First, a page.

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Line spectra and Bohr's model

  1. Apr 25, 2007 #1
    1. The problem statement, all variables and given/known data
    Is it possible to use electromagnetic radiation to ionize atoms. To do so, the atoms must absorb the radiation, the photons of which must have enough energy to remove an electron from an atom. What is the longest radiation wavelength (nm) that can be used to ionize the ground state hydrogen atom?



    2. Relevant equations
    Lyman Series:
    1/lambda = R {(1/nf^2) - (1/ni^2)}



    3. The attempt at a solution
    According to my notes, the lyman series consists of transitions TO the ground state (n=1) starting with the first excited state (n=2). What i am having trouble with here is that when they say "What is the longest wavelength that can be used to ionize the ground state hydrogen?" Are they asking what wavelength of radiation will cause hydrogen to go from n=1 to n=0? Should i be using the Balmer or Paschen series instead of the Lyman? I know how to work the math part of the problem but i am confused as to what values i should be using for n.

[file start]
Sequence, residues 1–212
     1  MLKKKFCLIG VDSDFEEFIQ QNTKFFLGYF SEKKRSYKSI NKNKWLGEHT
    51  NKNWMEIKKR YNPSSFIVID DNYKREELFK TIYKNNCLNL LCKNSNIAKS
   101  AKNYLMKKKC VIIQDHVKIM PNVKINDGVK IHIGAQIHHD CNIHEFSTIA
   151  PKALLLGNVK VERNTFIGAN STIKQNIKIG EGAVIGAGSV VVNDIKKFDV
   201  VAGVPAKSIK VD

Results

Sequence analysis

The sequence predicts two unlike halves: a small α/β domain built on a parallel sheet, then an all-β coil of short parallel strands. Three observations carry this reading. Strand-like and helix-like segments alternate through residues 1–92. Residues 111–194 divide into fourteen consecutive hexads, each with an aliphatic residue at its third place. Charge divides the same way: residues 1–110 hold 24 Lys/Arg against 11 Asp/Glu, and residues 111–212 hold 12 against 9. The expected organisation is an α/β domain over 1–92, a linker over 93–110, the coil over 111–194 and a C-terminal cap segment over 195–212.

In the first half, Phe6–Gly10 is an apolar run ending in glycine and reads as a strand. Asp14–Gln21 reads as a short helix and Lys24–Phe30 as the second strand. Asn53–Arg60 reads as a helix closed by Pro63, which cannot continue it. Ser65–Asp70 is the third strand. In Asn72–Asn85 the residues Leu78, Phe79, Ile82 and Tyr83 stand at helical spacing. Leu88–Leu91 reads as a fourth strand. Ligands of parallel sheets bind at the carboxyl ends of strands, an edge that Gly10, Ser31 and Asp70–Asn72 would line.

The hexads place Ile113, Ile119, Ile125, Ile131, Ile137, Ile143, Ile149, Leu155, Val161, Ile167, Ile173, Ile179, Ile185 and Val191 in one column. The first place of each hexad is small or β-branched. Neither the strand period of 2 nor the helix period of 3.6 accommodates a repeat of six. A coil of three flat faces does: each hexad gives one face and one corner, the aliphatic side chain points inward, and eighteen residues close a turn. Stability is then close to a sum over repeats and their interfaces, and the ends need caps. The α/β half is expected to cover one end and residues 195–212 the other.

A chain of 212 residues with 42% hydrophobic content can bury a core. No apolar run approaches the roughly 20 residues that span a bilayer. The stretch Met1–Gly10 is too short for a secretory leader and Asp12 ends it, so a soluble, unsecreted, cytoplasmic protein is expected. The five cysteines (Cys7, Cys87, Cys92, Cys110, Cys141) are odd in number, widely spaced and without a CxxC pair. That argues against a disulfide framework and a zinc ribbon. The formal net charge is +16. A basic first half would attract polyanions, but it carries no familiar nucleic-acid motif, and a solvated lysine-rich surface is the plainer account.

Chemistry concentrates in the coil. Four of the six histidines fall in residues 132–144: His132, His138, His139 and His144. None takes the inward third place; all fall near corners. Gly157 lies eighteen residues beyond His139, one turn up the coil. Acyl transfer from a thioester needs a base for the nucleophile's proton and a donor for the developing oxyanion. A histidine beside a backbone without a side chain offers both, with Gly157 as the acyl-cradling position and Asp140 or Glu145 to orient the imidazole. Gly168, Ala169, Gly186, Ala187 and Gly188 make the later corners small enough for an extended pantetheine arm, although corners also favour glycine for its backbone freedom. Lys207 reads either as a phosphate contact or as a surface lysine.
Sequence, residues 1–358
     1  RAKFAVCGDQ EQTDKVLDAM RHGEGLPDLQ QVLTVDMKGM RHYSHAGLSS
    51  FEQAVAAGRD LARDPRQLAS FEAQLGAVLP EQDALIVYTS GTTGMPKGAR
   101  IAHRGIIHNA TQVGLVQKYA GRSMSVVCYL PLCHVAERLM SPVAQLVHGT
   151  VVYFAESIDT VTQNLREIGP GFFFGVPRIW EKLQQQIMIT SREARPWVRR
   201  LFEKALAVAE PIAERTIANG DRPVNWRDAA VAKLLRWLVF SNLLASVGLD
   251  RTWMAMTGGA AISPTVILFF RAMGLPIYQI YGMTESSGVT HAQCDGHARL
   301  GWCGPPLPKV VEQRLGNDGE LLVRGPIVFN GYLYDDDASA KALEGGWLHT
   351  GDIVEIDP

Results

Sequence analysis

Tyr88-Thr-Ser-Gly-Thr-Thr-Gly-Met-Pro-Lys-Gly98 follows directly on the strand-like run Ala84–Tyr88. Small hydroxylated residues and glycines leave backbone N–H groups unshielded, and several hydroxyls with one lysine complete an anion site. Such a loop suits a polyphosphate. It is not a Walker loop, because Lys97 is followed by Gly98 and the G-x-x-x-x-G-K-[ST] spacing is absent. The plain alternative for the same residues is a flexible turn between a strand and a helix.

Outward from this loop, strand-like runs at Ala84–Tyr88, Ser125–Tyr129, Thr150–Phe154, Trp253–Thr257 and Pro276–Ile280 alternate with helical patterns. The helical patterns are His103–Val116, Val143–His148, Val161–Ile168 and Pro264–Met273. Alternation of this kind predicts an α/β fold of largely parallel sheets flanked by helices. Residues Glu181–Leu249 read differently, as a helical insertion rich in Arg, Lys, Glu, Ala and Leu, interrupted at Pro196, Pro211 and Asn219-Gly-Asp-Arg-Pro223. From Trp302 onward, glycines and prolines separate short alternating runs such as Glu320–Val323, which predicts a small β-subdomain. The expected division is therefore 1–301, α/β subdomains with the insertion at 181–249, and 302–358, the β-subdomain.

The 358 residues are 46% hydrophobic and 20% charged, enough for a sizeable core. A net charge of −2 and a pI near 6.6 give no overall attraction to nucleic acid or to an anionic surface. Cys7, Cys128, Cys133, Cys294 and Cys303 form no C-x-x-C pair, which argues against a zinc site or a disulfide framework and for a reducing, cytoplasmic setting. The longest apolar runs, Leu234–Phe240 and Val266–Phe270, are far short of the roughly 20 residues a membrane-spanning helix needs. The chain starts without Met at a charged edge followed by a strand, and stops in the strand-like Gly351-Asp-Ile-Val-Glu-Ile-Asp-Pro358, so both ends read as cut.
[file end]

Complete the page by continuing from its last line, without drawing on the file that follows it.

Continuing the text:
2. jcsd
  3. Apr 25, 2007 #2

    Dick

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    If you are initially in the ground state, then to remove the electron you need to raise it past all of the bound states. You could sort of say you want to move it to n=infinity.
     
  4. Apr 25, 2007 #3

    Chi Meson

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    What you need to know is the energy defecit of the elctron in the ground state. Each level has a negative energy associated with it. In hydrogen, n=1 , the deficit is -13.6 eV. Guess how much energy the photon must have to free this electron?

    For the Lyman formula to work, you are going from energy level 1 to energy level "infinity," not to zero.

    edit: Dang. Beat again.
     
    Last edited: Apr 25, 2007
  5. Apr 25, 2007 #4
    how does this look?

    lambda = R [(1/infinity)-(1/1^2)]^-1
    lambda= 9.12x10^-8 meters or 91.2 nm
     
  6. Apr 25, 2007 #5

    Chi Meson

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    Nope. It's 91.3 nm:biggrin:
     
  7. Apr 25, 2007 #6
    got it right finally. thanks
     
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